No, Andray Blatche is not the sole reason the Washington Wizards allowed forward Jared Jeffries to sign with the New York Knicks this summer.
And contrary to the words of overexcited observers writing on the Internet and elsewhere, the 20-year-old forward is not the second coming of Kevin Garnett, either.
Expectations that Blatche will emerge as a key component of the Wizards' rotation are premature if perhaps understandable, considering he is coming off a summer in which he put up 38 points and 12 rebounds against Dallas in Long Beach, Calif.
"We think we have a solid 10-guy rotation," coach Eddie Jordan said before last night's preseason opener against the Toronto Raptors. "He's still young [and] possesses some good skills. But he's got to get more consistent with his play."
What isn't often discussed about that game in Long Beach, for example, is that the man Blatche guarded that night, David Noel, posted a Garnett-like game himself, finishing with 26 points, eight rebounds and seven assists.
Still, Blatche, selected with the 49th pick in last year's draft, remains highly regarded within the Wizards organization. He has remarkable skills for a player of his size, 6-foot-11 and a bulked-up 250 pounds.
But Blatche also remains a player whose impact will be felt later rather than sooner. After all, he averaged just 2.2 points and 1.3 rebounds in 29 games last season.
Blatche, at least publicly, isn't trying to push the process.
"I definitely want to be in the rotation. I'm trying to come in here and play," said Blatche, who spent most of his summer in Washington working out with Harvey Grant, the team's director of player development and an assistant coach. "I'm used to being a guy that always plays, and I'm not used to sitting on the bench. I'm going to do whatever I've got to do to play."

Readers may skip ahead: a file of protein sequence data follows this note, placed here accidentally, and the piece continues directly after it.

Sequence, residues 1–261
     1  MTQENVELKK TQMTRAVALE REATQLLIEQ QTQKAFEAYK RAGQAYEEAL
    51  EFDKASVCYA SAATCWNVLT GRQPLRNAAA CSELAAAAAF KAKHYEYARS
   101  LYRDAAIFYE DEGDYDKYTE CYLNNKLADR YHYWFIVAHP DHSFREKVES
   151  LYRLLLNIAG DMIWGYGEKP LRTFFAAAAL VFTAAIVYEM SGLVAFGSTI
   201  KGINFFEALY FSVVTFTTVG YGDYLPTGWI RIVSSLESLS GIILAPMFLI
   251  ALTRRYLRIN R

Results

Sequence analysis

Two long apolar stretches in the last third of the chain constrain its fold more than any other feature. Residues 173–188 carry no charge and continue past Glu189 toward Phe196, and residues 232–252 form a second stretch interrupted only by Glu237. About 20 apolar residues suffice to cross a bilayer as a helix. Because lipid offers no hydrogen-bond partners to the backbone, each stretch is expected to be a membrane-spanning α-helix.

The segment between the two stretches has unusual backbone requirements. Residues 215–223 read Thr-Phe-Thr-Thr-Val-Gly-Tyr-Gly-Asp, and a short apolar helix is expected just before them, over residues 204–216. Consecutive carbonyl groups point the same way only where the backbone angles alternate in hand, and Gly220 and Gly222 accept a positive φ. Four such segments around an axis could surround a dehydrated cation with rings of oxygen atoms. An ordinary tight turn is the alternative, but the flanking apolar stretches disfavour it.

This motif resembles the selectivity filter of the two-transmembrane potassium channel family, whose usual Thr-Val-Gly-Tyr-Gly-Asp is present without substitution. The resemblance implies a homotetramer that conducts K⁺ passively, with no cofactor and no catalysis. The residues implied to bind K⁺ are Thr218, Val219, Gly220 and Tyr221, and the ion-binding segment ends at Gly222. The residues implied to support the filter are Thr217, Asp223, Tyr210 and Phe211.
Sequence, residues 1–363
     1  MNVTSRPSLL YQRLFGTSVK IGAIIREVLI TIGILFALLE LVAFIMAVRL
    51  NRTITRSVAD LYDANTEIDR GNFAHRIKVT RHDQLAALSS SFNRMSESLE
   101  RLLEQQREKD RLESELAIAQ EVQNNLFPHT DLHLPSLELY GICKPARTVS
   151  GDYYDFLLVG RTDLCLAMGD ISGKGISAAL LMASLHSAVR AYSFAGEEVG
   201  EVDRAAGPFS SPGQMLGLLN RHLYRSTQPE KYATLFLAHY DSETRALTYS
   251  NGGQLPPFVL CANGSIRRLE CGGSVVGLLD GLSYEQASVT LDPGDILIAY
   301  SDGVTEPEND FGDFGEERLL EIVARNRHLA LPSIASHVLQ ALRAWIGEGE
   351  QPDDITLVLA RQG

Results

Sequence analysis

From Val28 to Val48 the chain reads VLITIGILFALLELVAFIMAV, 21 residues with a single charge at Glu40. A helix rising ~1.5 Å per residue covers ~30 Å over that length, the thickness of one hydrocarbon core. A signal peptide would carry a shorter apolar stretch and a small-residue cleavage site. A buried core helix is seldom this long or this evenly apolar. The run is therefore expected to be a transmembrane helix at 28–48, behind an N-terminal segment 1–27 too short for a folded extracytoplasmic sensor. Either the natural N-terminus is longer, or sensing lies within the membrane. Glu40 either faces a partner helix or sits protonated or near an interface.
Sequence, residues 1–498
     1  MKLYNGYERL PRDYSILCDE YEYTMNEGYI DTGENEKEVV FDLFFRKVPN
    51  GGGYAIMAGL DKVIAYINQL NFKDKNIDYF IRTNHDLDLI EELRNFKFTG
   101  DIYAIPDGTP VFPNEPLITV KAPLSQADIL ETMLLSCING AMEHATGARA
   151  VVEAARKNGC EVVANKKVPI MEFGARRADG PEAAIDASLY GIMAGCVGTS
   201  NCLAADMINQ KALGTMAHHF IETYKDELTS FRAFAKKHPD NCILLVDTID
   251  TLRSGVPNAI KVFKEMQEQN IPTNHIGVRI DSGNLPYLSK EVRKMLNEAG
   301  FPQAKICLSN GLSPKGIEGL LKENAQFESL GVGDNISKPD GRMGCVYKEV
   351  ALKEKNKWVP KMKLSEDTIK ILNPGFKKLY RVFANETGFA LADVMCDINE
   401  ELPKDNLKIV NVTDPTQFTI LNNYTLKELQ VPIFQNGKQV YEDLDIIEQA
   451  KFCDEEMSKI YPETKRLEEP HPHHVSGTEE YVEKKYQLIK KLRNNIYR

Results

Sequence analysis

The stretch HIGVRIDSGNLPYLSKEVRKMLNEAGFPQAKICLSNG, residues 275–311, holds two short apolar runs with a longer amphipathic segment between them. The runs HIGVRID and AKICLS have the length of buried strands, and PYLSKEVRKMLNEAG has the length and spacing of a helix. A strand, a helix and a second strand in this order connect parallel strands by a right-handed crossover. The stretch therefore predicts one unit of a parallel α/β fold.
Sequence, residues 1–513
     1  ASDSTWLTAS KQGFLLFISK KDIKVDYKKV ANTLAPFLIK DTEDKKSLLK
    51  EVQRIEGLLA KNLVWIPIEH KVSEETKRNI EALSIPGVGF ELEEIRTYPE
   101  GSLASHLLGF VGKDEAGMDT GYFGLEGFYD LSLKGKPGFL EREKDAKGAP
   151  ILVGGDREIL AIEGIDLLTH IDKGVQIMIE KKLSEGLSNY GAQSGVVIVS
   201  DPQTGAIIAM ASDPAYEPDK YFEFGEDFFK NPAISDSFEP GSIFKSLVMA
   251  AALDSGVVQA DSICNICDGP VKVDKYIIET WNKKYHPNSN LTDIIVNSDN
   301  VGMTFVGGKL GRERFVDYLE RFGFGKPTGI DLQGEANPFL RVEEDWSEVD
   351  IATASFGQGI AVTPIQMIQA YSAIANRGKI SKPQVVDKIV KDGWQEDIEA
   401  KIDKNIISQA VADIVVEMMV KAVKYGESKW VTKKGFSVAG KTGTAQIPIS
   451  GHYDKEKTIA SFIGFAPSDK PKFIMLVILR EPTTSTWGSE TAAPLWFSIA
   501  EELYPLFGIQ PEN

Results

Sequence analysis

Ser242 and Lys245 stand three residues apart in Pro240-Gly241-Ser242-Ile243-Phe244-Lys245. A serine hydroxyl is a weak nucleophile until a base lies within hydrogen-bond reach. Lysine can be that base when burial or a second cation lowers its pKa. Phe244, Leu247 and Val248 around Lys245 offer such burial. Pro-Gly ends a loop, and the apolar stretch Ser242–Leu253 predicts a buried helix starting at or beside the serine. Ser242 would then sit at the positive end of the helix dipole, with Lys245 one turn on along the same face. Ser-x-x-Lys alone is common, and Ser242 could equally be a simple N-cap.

Blatche had some good moments in training camp, his first. But after every practice, Jordan advised onlookers that expectations for Blatche, who missed all of camp last season after being shot in an attempted carjacking, should be tempered.
"He played very well in the summer league, but that doesn't easily translate," Jordan said. "We like what he did and how he's improved physically, mentally and emotionally, but the test is can he get through training camp when the real dogs are out biting at him and how will he react in the preseason against real NBA-caliber players."
Grant, who played 11 years in the NBA, got the assignment of monitoring Blatche's progress over the summer. And Grant knows that success for Blatche will not be instantaneous.
"You always have to take it into consideration that he's only 20 years old," Grant said. "Guys have been trying to learn this system for three or four years, and they still haven't picked it up. He's got to be patient. His time is going to come. It may not be right now, but it's going to come."
And when it does?
"He's going to be a big-time player," Grant said.
For Blatche, though, just being on the floor is something of a miracle. A bullet fired from a semi-automatic pistol during that carjacking passed through his right wrist and lodged less than an inch from his heart.
More than one doctor said Blatche easily could have died.
"It made me more aware, and it forced me to make wiser decisions," Blatche said. "I'm really blessed. I mean, for a bullet to go right between two bones in your wrist, that rarely happens. So I'm glad that God has given me a second chance."